NASHVILLE, TN -- "Citizen," a sculpture by renowned national artist Thomas Sayre and commissioned for $308,000, was dedicated on the Metro Courthouse's Public Square on June 10, 2010.
Funding came from a dedicated funding source: Every time the city borrows money using general obligation bonds, 1 percent is set aside for public art.
The 30-foot-tall structure is made of reinforced steel and interwoven pieces of glass. The two-piece interactive sculpture depicts a man and woman, each with an outstretched arm that can point to each other in conversation or to downtown's many landmarks. The two "citizens" are mobilized by a crank, that when moved, rotates the top halves and the open arms to direct the eye to any part of the city.
Each sculpture stands at 30-feet tall, weighing approximately 6,200-pounds. Aside from the outstretched hands, the diameter of the pieces is around 2-feet. With "pants" made of woven stainless steel and the upper body shaped by glass "fins," the piece maintains the abstract need for interpretation, something to which Sayre aspired.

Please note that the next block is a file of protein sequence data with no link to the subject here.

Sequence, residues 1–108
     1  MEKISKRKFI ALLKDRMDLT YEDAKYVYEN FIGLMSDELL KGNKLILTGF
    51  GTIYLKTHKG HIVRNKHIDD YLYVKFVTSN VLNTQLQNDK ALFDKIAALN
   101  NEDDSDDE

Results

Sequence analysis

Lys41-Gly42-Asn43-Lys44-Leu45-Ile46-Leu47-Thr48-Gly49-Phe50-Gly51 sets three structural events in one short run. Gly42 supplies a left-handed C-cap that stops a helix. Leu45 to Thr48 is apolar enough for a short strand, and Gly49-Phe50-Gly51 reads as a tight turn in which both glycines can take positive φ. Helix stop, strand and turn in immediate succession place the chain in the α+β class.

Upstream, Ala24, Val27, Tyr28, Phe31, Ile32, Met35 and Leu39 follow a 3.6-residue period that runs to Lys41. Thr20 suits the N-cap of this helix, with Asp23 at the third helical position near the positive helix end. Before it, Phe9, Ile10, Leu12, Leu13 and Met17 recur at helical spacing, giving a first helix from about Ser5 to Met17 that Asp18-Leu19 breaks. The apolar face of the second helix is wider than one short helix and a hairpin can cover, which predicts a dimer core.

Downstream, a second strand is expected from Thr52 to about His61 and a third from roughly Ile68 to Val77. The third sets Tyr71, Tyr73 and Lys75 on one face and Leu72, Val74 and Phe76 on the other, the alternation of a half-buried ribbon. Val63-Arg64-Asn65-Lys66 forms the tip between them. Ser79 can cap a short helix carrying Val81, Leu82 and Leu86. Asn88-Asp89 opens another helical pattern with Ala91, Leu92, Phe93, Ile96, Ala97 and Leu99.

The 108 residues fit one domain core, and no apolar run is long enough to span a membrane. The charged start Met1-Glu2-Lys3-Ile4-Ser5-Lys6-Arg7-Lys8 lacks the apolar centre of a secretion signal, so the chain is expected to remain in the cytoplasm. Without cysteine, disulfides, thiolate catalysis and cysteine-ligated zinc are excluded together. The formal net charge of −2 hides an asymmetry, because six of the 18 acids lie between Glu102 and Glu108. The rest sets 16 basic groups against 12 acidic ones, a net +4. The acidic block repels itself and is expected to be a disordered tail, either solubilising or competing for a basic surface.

Sandra Duncan, the Public Art Program manager for the Metropolitan Nashville Arts Commission, said it's important when dealing with public art that citizens have a voice in the final decision. "The community's engaged in what should inspire this art. I think that's probably the most difficult part, including what the community says it would like to have highlighted," said Duncan.
"In this instance, it was being a citizen, being a leader, that every citizen has an opportunity to be a leader, and it's a choice you make as a citizen of Nashville as to whether you're going to contribute to your community, so we want to inspire that. I think that's what the people engaged in this wanted to do."
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